The idea here is that because you go through the deck a lot during a game, both players end up getting the same number of turns overall, it’s just the order you get to perform them can change. And it can help get a real good flow going; walkers and speeders get a lot more turns than other units, being the stars of the show, and if you draw two speeder cards in a row you really do feel like these nimble little craft are zipping over the battlefield towards their slow, lumbering targets.

The game’s other pillar is that combat is more than just registering hit points until something dies. There’s a two-tiered system when it comes to damage; most units, from troops to turrets, are simply destroyed instantly if they’re hit, but speeders and walkers take specific damage. Combat involves rolling one set of dice to see if you score a hit, and if you do, you then roll for numerical damage to see what kind of hit it was, which can be anything from a speeder’s gunner being killed (RIP Dak) to a walker’s legs being crippled by turret fire.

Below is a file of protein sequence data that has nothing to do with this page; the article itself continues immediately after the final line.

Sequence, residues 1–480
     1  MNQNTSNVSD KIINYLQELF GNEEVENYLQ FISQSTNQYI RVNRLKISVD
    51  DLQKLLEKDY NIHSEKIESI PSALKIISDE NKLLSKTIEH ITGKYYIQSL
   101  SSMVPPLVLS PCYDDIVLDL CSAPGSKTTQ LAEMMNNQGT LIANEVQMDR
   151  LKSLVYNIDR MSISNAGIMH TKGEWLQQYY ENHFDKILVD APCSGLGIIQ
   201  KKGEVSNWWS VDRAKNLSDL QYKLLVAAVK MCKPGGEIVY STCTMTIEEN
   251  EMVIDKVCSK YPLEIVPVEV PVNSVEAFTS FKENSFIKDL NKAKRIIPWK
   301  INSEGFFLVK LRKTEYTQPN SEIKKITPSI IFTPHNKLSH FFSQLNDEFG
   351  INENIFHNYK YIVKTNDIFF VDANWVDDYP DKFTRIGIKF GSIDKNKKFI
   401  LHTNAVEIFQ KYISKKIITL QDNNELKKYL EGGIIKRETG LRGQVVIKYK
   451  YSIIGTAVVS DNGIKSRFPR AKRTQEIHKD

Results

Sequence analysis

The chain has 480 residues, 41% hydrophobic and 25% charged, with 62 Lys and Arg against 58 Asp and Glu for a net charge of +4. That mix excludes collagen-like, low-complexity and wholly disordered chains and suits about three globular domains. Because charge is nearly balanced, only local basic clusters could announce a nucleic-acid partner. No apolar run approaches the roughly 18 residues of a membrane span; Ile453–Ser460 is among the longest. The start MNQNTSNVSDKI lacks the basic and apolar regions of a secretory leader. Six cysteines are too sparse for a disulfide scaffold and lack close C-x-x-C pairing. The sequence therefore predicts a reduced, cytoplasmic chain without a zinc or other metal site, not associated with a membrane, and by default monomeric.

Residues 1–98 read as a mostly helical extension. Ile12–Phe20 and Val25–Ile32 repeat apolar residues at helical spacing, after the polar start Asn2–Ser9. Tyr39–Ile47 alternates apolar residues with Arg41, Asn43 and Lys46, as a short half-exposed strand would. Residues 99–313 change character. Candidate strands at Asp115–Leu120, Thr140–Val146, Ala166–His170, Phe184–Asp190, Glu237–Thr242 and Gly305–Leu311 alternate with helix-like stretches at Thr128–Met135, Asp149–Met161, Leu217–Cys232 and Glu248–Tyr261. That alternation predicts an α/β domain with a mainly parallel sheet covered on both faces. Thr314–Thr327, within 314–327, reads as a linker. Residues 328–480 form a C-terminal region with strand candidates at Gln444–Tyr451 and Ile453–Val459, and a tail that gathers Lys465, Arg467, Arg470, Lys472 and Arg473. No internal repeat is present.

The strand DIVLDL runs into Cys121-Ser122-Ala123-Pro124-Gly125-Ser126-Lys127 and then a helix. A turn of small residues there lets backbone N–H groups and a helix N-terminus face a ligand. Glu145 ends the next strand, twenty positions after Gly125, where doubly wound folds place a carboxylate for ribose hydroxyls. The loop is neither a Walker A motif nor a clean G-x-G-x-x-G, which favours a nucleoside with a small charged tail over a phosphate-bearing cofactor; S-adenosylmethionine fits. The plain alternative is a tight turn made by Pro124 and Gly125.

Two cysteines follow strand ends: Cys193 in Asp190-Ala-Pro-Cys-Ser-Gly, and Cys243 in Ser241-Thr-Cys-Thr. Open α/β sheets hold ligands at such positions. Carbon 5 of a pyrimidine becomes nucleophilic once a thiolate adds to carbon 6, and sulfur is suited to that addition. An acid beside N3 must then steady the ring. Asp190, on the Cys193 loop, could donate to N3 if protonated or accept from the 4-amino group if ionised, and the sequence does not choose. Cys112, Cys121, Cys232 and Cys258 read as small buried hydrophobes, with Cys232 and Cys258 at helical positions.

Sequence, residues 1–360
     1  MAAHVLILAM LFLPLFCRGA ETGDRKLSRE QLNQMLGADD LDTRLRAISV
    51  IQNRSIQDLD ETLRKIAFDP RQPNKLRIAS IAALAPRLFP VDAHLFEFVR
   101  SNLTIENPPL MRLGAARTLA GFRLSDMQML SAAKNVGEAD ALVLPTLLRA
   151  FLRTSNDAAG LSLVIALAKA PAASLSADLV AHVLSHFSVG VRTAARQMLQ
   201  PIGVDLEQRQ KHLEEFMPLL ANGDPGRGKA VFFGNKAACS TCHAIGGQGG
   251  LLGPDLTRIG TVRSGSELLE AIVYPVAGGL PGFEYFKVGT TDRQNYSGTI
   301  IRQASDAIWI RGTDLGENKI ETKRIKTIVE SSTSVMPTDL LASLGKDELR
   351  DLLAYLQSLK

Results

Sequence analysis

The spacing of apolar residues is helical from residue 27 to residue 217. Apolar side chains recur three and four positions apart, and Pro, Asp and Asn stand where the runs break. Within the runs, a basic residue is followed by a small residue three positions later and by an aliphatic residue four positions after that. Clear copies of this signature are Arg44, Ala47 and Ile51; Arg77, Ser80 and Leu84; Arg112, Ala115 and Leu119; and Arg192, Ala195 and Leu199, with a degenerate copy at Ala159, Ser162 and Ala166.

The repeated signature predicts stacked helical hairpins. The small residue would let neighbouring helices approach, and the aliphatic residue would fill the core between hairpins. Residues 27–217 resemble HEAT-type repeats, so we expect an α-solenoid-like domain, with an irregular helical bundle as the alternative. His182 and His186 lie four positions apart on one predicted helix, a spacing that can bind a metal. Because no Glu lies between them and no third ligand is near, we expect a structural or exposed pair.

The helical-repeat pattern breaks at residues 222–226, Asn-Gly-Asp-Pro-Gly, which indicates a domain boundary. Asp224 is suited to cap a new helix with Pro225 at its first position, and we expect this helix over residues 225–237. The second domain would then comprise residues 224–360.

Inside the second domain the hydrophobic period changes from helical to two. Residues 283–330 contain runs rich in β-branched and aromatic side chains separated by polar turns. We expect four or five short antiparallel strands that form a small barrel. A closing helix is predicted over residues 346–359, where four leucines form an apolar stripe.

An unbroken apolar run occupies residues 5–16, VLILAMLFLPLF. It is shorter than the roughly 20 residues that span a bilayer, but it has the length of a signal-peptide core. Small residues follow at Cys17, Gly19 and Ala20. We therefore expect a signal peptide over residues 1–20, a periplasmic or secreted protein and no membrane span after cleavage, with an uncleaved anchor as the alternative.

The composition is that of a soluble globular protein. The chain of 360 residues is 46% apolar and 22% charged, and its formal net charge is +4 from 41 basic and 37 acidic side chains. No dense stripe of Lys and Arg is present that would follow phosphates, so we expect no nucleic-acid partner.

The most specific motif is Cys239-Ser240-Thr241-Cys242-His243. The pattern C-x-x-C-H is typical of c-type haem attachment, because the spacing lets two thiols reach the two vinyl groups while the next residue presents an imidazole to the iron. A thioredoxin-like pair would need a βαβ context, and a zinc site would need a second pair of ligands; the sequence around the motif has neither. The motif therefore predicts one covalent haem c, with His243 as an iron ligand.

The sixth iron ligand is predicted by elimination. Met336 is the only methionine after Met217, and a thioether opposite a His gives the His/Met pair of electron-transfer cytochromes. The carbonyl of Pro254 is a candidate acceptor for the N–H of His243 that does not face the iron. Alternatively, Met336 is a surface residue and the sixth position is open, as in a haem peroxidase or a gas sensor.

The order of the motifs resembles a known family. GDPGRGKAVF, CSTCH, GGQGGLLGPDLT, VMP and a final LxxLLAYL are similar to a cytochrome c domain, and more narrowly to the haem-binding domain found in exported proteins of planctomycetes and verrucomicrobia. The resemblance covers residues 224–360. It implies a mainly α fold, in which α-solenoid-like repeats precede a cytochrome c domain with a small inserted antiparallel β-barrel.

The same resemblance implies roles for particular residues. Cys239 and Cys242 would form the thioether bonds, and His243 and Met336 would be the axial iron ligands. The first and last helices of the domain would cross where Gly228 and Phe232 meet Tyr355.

Sure, once you score enough hits these units will be destroyed, but the staggered and varied way you can deal damage leading up to that threshold is cool, and again, very in keeping with a battle where some of the most memorably moments include…gunners being killed and walkers having their legs taken away.

Things can get too thematic at times though. When I said the speeders and walkers were the stars, they’re more than that. They’re the only viable units in the entire game outside of an occasionally useful turret. The action deck is full of moves for infantry who are rendered almost pointless by the pace and strength of the battle going on above them.